Quick off the mark

Was not so easy after this though as the extra water had changed the character of a lot of the swims I had fished before, so it was a question of working out where the fish were lying up now and a change to a black goldhead nymph in the coloured water resulted in a two takes in quick succession from a couple of smaller fish.


The effects of the high water were much in evidence with channels carved through the bank side stands of Himalyan Balsam. For a small river there was also a lot of wood debris, including whole tree trunks, that had appeared from nowhere. 


Carried on up the river to find that most of the colour was coming in from one tributary in particular. Upstream of this point the clarity was much better, so I fished on with renewed enthusiasm, bumping a couple and losing one to a hook pull, before landing a better fish that had strange blue highlights on its cheeks. 


Dropped my net in some mud at the side of the river and when I came to snap the magnet release back together I found it covered little grains of apparently metallic sediment. Something I've seen pictures of in urban rivers where there used to be heavy industry. Can only assume in this case that it's due to the natural mineral veins in the catchment.


Had ventured into unknown territory by now, almost reaching the upstream limit of the fishery, when I came to the largest pool on the section. Spent quite a bit of time working the  crease along the far bank and eventually had a take from a fish that just plodded around a bit before giving up. Turned out to be the best fish of the morning.

More like it

Lost another to a hook pull (aargh!) in a fast run before reaching the road bridge and the boundary with the next club's water. Had learned a bit more about the river whilst sharing it with the dippers, kingfishers, wagtails and possibly an otter judging by the footprints in the mud under the bridge. Also decided after this session that a collapsible wading stick would be a good investment after a) falling on my arse tripping over hidden debris and b) stepping off a ledge into a coloured pool and finding the water a bit too close to the top of my chesties for comfort. Oh yeah, and a hook sharpener! Will have to get my order in quick for Fathers' Day......

06/06/2014 - Go local, go light!

Been finding as I get older (!!) that I'm less inclined to drag loads of gear with me when I go fishing. I suppose that's why trout fishing has regained its appeal, especially on small streams where all I need are my fly rod, landing net and a small sling bag to carry my bits and bobs. I'm also loathed to travel too far as distance = time + money in my eyes, neither of which are in great abundance nowadays! Fishing local and light means I can fit in short sessions as and when, as was the case today. Had a morning meeting down in Leicestershire, so left home a few hours earlier and headed for the small brook I'd had a couple of sessions on last year. This time I'd arranged prior access with the farmer, so I wouldn't be looking over my shoulder all the time! Arrived to find the brook running low and gin clear. With the sun rapidly coming up it looked like it might be a bit of grueller and so it turned out. Had a "bump" first cast, but then had nothing for the first hour, despite covering lots of ground and all of the usual spots. Was having to fish blind a lot of the time, because when did pop my head over the marginal vegetation all I saw was a puff of silt and a rapidly retreating bow wave heading upstream! Was beginning to get a bit frustrated when I dropped the nymph into a near bank run and got a proper rattle - fish on at last!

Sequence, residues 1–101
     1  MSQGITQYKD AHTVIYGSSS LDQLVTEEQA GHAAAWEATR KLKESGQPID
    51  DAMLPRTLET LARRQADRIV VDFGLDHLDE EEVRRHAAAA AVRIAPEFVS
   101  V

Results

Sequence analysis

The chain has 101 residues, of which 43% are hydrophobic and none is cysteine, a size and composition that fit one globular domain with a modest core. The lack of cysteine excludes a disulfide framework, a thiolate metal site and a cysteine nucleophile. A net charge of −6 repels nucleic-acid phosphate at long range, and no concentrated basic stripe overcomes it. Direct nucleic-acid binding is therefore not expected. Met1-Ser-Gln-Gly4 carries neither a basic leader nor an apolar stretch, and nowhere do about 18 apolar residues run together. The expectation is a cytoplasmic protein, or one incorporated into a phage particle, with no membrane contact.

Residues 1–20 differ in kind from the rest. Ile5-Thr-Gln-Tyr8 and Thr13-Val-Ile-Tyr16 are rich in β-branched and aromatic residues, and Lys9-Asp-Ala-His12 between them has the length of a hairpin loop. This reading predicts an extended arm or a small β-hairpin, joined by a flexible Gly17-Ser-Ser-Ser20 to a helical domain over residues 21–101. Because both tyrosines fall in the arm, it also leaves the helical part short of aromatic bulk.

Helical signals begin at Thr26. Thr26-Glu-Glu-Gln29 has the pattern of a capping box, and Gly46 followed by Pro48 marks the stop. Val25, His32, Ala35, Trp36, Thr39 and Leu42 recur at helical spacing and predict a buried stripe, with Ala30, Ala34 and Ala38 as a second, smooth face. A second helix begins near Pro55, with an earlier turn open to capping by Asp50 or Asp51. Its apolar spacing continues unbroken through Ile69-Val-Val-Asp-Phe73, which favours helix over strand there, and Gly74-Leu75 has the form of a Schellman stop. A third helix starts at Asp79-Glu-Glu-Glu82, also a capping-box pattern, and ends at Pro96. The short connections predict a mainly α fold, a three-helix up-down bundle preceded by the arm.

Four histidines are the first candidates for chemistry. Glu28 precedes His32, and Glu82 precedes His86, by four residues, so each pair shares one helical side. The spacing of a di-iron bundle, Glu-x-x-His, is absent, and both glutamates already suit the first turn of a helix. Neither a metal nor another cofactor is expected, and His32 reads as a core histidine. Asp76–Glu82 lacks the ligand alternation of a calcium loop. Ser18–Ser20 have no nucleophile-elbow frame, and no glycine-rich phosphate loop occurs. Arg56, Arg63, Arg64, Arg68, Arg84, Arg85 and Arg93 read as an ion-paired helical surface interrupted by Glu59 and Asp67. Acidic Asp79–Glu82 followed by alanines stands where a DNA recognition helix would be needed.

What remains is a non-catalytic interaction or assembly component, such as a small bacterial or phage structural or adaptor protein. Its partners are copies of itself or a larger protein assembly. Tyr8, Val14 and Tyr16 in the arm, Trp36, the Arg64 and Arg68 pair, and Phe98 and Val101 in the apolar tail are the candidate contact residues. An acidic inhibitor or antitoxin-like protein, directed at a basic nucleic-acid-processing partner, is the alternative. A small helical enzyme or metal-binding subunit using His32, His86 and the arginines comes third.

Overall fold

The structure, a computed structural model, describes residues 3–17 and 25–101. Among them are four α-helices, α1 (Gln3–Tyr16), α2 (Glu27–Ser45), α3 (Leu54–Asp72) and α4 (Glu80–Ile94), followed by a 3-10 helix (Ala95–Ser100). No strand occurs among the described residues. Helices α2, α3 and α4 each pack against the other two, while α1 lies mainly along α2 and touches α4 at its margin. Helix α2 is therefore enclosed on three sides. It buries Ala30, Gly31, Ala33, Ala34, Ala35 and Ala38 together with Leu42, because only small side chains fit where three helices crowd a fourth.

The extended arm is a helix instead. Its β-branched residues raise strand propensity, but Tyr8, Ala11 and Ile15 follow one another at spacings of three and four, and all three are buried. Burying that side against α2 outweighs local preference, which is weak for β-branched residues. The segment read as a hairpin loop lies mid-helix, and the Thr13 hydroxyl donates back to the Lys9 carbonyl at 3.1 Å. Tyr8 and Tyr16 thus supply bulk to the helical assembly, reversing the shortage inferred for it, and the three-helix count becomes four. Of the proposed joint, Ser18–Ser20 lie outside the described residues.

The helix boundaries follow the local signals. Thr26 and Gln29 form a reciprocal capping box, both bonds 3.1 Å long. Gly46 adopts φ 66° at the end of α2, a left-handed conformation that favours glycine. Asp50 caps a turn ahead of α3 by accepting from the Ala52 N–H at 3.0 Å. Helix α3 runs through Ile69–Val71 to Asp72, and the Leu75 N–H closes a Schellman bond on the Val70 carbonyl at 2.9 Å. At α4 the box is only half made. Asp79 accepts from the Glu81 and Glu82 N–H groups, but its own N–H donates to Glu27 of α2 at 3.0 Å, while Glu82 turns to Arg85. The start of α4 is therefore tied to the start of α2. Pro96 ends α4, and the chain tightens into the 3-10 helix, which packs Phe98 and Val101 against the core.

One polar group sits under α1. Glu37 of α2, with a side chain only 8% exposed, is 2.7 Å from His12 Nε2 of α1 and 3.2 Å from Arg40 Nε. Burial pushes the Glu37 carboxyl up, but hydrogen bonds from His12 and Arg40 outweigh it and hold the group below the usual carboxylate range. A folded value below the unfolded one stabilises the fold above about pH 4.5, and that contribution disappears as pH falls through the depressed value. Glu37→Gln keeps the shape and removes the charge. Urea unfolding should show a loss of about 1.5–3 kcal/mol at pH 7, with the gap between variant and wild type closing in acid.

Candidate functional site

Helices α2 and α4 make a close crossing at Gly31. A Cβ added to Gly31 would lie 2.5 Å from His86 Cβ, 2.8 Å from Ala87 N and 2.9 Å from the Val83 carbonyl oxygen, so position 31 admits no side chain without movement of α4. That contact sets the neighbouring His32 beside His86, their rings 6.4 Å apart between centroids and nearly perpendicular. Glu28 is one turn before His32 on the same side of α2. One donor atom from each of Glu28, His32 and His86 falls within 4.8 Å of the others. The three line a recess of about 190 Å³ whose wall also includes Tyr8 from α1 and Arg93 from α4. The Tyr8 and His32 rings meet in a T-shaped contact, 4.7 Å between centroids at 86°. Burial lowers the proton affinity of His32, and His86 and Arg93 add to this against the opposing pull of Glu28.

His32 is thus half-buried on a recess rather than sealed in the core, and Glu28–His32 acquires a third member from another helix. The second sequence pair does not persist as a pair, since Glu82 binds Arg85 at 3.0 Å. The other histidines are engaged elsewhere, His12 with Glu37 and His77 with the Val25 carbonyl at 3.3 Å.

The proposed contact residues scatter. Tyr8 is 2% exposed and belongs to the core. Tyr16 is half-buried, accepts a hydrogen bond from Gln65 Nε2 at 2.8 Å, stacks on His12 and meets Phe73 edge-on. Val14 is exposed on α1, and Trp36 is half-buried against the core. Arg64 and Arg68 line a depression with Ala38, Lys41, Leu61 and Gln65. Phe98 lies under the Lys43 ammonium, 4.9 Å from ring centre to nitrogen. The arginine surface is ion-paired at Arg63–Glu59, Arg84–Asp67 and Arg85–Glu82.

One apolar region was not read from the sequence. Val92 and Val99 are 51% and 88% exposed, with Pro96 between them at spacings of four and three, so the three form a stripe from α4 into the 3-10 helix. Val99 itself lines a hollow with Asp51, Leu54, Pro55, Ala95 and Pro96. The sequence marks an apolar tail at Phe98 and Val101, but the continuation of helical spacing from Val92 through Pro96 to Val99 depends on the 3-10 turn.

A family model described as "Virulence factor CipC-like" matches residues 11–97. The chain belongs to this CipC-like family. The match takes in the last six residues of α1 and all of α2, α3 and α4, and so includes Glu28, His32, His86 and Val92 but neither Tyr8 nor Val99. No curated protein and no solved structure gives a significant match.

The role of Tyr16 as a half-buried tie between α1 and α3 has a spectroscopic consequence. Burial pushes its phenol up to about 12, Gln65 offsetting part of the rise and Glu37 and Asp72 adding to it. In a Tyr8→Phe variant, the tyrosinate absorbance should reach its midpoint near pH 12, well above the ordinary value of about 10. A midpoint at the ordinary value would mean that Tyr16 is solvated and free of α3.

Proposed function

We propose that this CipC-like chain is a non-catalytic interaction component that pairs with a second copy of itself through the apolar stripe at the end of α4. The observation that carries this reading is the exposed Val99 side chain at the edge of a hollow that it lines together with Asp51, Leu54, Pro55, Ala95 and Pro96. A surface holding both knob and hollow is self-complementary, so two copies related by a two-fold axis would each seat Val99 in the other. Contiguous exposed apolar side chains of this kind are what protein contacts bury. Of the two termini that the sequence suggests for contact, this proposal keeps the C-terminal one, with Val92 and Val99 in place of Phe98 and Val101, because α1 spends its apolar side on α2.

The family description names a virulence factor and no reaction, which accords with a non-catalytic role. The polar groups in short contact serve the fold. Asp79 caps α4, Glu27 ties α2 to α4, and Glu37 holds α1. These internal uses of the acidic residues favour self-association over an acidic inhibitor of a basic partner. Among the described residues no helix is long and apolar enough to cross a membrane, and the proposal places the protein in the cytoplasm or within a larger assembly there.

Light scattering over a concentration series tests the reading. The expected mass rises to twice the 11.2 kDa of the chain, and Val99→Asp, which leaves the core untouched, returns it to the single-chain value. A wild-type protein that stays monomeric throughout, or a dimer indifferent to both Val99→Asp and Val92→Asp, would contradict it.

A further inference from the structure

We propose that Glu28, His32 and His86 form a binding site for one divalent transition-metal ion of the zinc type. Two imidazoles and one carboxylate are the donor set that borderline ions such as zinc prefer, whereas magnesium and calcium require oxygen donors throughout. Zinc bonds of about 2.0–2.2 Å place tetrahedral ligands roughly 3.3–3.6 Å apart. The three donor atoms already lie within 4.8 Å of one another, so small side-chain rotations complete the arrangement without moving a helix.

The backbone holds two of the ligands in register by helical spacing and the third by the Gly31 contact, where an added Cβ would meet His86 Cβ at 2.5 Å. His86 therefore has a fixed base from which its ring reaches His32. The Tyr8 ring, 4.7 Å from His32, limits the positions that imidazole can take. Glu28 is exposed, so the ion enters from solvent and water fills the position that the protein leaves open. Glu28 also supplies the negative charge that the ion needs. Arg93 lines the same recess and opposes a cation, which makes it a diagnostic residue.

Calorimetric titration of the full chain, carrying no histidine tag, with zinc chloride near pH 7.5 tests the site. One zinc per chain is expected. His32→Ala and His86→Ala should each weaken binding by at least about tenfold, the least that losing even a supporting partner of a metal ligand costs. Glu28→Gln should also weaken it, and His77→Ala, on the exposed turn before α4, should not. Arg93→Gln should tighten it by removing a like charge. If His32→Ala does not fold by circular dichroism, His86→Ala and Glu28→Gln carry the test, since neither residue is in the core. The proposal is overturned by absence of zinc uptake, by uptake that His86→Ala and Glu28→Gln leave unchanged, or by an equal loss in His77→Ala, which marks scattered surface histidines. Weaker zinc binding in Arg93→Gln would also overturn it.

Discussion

Eventually came to the "banker" pool, but even that was a bit dour today. Only managed to tempt one small, but very pretty, fish out of it. 

What a handsome fella'

Had not ventured past this point on the brook before, so went for an explore and spotted a fish holding station in a shallow run. However, I surprised to see that it was a roach. He looked like he'd had a run in with a heron, so I left him alone and carried on upstream to the next pool. First cast in I saw a a big white mouth open to intercept the nymph as it drifted downstream. Gave it some welly to get it out of the pool and away from snags. Was a really good big, dark fish and I could see every spot on it as it charged around in the clear water. Was getting ready to net it when the hook popped out with the fish just out of range - aaargh! Changed the fly and disconsolately dropped it in again. Was surprised to get another take and even more surprised when it turned out to be a little perch.    


Was running out of time by now, but one more pool under a tree beckoned. The cast was bit awkward, but I managed to flick the nymph up into the deeper water - bang!  Was a nice, densely spotted fish that gave me a good run around in the confined space and a decent consolation for the one I lost.


That one really did call time on proceedings, so it was back to the car and back to the grindstone....